Just a month ago, I wrote about the heartache I felt for the citizens of Ottawa who were dealing with the hate and violence demonstrated by some of the “freedom convoy” participants. Little did I know, or did the vast majority of the world know, that in a few short days, we would all be in shock over the devastation being wrought on the citizens of Ukraine.
Yes, there had been a build-up of Russian troops near the Ukrainian border – but Russia stated that it was nothing more than war games. On February 24, 2022, missiles and airstrikes hit Ukraine with Russia claiming that it was a special operation to “denazify” Ukraine. With all of its military might, no doubt Russia believed that this invasion of Ukraine would be deemed a success in just a matter of days. But Putin underestimated the pride and will of the Ukrainian people. Ordinary citizens have aided in the defence of their country by building barriers to stop tanks and using Molotov cocktails as weapons.
The young people of Ukraine, those under the age of 30, have never known life under a communist regime. Just last year, Ukraine celebrated its 30th year of statehood and has won a hard-fought transition to democracy. Their recent ancestors, however, or those who managed to survive, endured the “Holodomor” – Stalin’s literal starvation of the Ukrainian people – a punishment of the majority of Ukrainians who resisted the collectivization of agriculture. The farmers were given outrageous quotas of grain that were to be sent to the Soviet regime. When these quotas could not be met, seed was confiscated and fines were levied on meat and potatoes. These actions have been recognized by Canada and the world as an act of genocide which resulted in the deaths of millions of Ukrainians. In Canada, the fourth Saturday in November is recognized as Holodomor Memorial Day.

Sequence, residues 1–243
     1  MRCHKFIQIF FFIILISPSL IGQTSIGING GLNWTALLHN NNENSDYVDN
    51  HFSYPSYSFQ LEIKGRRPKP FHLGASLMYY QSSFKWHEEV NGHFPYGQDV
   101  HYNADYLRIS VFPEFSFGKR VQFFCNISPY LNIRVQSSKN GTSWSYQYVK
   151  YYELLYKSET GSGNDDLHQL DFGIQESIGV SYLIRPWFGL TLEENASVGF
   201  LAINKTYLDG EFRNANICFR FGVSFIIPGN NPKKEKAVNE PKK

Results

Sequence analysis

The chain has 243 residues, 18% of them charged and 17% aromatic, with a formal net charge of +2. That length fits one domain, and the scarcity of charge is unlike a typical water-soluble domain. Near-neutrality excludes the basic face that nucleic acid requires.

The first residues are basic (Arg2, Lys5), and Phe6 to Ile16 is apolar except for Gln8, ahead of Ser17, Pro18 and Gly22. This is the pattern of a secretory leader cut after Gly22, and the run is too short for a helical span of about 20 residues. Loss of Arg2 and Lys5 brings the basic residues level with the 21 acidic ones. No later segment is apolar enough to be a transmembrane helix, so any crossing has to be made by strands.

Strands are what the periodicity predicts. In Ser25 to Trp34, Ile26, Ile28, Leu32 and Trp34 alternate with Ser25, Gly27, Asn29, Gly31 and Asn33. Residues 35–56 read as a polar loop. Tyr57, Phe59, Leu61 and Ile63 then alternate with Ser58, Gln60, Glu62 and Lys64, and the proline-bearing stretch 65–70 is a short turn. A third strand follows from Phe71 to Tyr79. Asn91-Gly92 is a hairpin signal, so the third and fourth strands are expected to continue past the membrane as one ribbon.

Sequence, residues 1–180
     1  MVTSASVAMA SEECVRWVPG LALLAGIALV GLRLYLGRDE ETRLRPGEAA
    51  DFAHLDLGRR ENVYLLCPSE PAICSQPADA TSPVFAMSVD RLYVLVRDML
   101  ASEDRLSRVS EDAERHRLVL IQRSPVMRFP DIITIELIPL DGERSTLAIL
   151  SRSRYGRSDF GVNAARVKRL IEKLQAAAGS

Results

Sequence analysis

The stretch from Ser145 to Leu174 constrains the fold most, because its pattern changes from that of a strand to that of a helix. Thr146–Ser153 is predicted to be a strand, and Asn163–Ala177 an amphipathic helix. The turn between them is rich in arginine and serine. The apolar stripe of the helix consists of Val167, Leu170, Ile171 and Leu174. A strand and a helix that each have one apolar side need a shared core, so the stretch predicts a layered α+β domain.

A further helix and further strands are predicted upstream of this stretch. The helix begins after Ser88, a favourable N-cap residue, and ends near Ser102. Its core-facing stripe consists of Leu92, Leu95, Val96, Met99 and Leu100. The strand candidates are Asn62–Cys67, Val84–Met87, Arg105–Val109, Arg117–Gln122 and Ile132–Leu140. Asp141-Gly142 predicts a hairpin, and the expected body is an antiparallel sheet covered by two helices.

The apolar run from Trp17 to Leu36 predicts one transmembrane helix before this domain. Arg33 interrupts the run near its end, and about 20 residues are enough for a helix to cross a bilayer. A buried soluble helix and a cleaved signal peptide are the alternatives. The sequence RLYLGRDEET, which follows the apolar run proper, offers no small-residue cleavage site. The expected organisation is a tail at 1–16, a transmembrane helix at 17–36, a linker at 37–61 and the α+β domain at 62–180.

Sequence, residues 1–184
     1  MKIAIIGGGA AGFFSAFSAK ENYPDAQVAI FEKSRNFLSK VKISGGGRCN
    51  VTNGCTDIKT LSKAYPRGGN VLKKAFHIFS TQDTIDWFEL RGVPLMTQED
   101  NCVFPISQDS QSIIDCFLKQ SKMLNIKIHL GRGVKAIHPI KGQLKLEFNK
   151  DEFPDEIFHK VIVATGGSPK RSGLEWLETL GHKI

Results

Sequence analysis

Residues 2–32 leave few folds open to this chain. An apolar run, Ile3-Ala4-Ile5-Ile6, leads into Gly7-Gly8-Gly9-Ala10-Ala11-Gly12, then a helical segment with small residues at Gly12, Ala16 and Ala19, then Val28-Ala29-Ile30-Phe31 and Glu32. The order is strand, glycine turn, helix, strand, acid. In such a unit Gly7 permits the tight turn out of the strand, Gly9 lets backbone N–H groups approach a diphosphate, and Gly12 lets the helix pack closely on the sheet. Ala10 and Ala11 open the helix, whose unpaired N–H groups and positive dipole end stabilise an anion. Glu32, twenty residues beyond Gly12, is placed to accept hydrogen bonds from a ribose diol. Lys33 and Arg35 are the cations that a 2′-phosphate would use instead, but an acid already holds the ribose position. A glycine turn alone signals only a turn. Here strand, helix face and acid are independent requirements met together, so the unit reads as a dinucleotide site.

On this day in 2021, Prime Minister Justin Trudeau said, ““In 1932 and 1933, the Soviet regime of Joseph Stalin orchestrated a deliberate famine – a genocide against the Ukrainian people – to impose total control over Ukraine, destroy the will of the people, and erase their identity. During this horrific campaign, millions died from starvation, including children, and countless others were either deported, imprisoned, or executed. Despite the brutality of the Holodomor, Ukrainians persevered. The resilience of the Ukrainian people and the survival of their culture, language, and identity is a testament to their courage and strength. After decades of Soviet control and oppression, Ukraine regained its independence in 1991. For far too long, the atrocities of the Holodomor were hidden from the world and outright denied. Today, it falls to each and every one of us to ensure this dark chapter in history is not forgotten, and to continue to defend human rights and democracy when they come under threat.”
And now, world leaders and people in every democratic nation are being asked to do just that. Severe economic sanctions have been imposed on Russia. Countries have closed their airspace to Russian flights. The US and UK are banning Russian oil. Major companies are closing down their operations in Russia. Some of these actions will have a direct impact on the worldwide economy. We’ve already seen gas prices reach unprecedented levels in Canada.
Despite the unconscionable actions of Russian leaders, all that has taken place over these past few weeks has given me a great deal of hope for humanity as a whole. The courage and determination of the Ukrainian people is unlike anything I have seen in my lifetime. I am thunderstruck by the immense response of everyday people who are gathering supplies and raising funds for the people of Ukraine in often the most creative of ways. A true “freedom convoy” of 25 trucks left Ireland this Friday with 500 tonnes of aid for Ukraine.
I don’t have a crystal ball – I don’t know when or how this invasion will end. I do know, however, that the evil of this invasion is being battled by the heart of humanity. I hope and pray that good will be victorious.
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